Last week we discussed bitcoin mining. The blockchain is where the miners and users come together. In short, the blockchain is a distributed, online, inefficient and highly secure database.
When a bitcoin is sent from one user to another, the transaction must be recorded somewhere. Since bitcoin does not use banks, it needs something else – the blockchain. Every transaction ever done via bitcoin is recorded on the blockchain. As part of the mining process, miners confirm each transaction. If a transaction is fraudulent – i.e. if someone has tampered with the mining code and attempts to spend the same bitcoin twice (a “double spend”) – then the other miners will pick up on this and reject that miner’s block. It will not become part of the blockchain.
Because each block has to be confirmed by other miners before being permanent and entering the transaction into the blockchain, transactions are highly secure.
In other words, miners (1) issue new bitcoins and (2) confirm transactions of existing coins by recording them on the blockchain. Every time you spend or receive a bitcoin, it is registered on the blockchain, and that is done by the miners, who receive bitcoins in exchange. They also receive transaction costs, which are very low.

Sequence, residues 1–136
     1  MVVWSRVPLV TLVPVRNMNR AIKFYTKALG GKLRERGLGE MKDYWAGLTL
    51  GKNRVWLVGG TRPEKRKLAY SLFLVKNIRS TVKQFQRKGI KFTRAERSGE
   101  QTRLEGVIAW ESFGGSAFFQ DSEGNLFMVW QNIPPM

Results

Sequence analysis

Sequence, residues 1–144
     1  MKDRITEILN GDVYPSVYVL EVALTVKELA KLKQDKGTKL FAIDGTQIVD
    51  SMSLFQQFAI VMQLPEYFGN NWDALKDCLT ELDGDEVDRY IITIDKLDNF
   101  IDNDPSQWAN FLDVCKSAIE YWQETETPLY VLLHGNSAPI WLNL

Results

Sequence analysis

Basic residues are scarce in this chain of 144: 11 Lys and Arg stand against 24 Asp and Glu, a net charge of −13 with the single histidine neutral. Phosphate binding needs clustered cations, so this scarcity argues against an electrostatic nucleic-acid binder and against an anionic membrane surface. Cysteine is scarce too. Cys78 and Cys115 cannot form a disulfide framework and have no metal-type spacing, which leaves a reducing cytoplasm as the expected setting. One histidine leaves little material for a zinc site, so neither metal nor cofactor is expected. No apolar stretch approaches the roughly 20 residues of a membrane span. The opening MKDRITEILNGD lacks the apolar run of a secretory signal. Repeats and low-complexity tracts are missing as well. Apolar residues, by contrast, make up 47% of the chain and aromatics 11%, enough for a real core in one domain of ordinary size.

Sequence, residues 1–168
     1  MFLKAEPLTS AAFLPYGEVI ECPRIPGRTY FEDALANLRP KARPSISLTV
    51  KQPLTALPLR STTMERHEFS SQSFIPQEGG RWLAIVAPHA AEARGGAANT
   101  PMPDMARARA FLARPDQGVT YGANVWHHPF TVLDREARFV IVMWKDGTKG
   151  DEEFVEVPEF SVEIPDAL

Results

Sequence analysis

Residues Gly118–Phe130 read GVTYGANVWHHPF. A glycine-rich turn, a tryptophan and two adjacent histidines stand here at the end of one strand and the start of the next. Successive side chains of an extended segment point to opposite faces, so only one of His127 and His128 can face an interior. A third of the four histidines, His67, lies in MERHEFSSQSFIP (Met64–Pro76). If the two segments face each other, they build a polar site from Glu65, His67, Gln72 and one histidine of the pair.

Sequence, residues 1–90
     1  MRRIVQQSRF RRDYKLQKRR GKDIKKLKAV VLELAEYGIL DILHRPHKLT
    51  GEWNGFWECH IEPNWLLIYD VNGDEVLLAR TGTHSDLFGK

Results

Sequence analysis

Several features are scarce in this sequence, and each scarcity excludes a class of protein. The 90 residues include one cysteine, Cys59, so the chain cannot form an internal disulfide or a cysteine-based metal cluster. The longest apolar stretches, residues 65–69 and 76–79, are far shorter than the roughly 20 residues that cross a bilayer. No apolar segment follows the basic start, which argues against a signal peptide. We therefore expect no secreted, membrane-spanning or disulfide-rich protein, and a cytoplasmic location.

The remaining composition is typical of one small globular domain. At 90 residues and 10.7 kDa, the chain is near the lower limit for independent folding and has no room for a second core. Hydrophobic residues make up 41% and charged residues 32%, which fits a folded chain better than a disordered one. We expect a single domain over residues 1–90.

But does that not mean that if I add enough miners to the network that are under my control, I could, in fact, confirm my own fraudulent transactions?
The only way to do this – to fool the bitcoin network into accepting fraudulent transactions – is to have more than 51% of the network calculating power. There are enormous amounts of miners in existence right now. This distributed computing power spread among many different miners keeps bitcoin secure and safe. This will be explored in a future post, but it is at this point functionally impossible to execute a 51% attack on bitcoin.
 If you are wondering whether this means that bitcoin is or is not anonymous, the answer is both yes and no. I will address this in a future post.
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